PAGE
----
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Insights // 01 January 1970

Japanese Knotweed Affecting Your Land and Property?

Partner Katja Wigham, in our Commercial Property team, discusses problems with Japanese Knotweed and two recent cases.

Japanese Knotweed is a much talked about, highly invasive and fast spreading weed that was first brought to the UK in 1850. Knotweed can grow through concrete and cause significant damage to homes and other properties. It is extremely difficult to eradicate and normally requires specialist treatment.

Two recent cases have highlighted the impact that Japanese Knotweed can have on the owners of neighbouring land.

In the case of Williams v Network Rail Infrastructure Limited and Waistell v Network Rail Infrastructure Limited (heard together), the joint claimants each owned a pair of adjoining semi-detached houses which backed onto an active railway line owned and operated by Network Rail. The joint claimants alleged nuisance in two ways:

by physical encroachment of the Japanese Knotweed onto the joint claimants’ land; and
by the presence of Japanese Knotweed on the defendant’s land.

Both sought injunctions against Network Rail.

The judge ruled that the joint claimants had not demonstrated damage to their land, and as such the claim regarding encroachment failed.

The judge did however find in favour of the joint claimants in their argument that the presence of Japanese Knotweed had interfered unlawfully with the use and enjoyment of their land, and damages for diminution in value were awarded.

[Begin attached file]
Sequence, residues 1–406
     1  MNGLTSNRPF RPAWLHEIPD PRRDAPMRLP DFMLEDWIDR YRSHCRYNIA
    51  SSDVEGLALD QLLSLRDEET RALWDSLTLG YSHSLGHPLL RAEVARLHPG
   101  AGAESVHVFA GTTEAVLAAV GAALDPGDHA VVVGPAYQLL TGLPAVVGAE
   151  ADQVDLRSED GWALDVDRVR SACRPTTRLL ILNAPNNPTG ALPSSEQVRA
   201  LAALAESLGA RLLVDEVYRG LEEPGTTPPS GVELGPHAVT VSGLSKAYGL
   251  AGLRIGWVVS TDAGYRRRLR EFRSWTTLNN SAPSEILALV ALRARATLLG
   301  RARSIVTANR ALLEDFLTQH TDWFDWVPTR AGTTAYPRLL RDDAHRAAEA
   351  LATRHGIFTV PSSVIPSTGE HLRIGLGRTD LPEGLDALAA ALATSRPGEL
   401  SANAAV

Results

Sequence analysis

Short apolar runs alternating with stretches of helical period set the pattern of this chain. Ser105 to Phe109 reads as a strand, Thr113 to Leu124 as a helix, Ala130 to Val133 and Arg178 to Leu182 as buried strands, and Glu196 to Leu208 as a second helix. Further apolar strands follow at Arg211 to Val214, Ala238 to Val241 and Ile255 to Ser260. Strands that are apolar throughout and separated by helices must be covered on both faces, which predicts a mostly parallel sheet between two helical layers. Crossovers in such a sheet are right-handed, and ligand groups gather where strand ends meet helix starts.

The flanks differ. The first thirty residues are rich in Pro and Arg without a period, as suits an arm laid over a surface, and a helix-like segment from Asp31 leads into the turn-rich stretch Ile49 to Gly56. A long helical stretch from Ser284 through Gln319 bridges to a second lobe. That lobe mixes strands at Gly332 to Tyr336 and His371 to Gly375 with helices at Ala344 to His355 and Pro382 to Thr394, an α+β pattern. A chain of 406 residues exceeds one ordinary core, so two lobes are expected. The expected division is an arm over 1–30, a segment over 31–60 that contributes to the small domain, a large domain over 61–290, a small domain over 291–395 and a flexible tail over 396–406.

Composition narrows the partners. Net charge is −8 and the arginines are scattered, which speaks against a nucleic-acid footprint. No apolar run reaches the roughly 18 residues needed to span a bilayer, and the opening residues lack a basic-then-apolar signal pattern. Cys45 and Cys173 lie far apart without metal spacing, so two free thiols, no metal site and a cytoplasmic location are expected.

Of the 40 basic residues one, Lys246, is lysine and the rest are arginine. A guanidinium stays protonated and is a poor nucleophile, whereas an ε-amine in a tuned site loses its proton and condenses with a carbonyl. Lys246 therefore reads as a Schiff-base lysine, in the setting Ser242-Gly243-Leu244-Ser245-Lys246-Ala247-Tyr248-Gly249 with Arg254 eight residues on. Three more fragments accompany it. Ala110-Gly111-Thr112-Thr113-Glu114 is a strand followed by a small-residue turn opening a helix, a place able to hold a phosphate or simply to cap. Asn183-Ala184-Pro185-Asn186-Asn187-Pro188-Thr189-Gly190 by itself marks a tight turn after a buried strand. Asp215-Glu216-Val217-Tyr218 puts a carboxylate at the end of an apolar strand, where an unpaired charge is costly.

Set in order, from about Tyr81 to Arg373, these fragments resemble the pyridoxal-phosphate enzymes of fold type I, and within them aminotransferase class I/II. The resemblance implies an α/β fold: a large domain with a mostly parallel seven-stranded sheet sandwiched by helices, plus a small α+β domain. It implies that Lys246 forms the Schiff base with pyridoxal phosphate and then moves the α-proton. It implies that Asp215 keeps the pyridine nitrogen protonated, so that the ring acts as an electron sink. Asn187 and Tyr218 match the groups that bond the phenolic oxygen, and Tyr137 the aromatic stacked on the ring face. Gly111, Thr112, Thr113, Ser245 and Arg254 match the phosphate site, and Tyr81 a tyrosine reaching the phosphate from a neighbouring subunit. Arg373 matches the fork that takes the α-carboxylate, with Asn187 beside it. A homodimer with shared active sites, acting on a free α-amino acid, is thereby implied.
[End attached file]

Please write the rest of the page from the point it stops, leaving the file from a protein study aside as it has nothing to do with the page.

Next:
In Smith v Line, the defendant sold some land to the claimants while retaining adjacent land. The claimants subsequently found that Japanese Knotweed was growing on their land. Their primary argument was for injunctive relief for the removal of the Japanese Knotweed from their land. The judge followed the Waistell decision, and found that the claimants’ land had not been damaged, and ruled in favour of the claimants that the Knotweed had interfered with their use or enjoyment of the land. The judge ordered a mandatory injunction requiring the defendant to enter into a contract with a reputable specialist to remove the Knotweed, and ordered the defendant to pay the claimants’ costs.

For the encroachment argument to succeed, evidence of physical damage to a property must be provided. The mere presence of Japanese Knotweed is insufficient.

It may however be possible to make a claim for damages for diminution in value of the land in the absence of being able to prove specific damage.

Both cases serve as an important reminder to landowners to contain and ideally eradicate any Japanese Knotweed found on their land.

Once Knotweed has spread to the boundary between two pieces of land, it can lead to a counter argument as to where it initially originated.

For further information or legal advice, please contact law@blandy.co.uk or call 0118 951 6800. 

This article is intended for the use of clients and other interested parties. The information contained in it is believed to be correct at the date of publication, but it is necessarily of a brief and general nature and should not be relied upon as a substitute for specific professional advice.

Katja Wigham

Katja Wigham

Partner, Commercial Property Law

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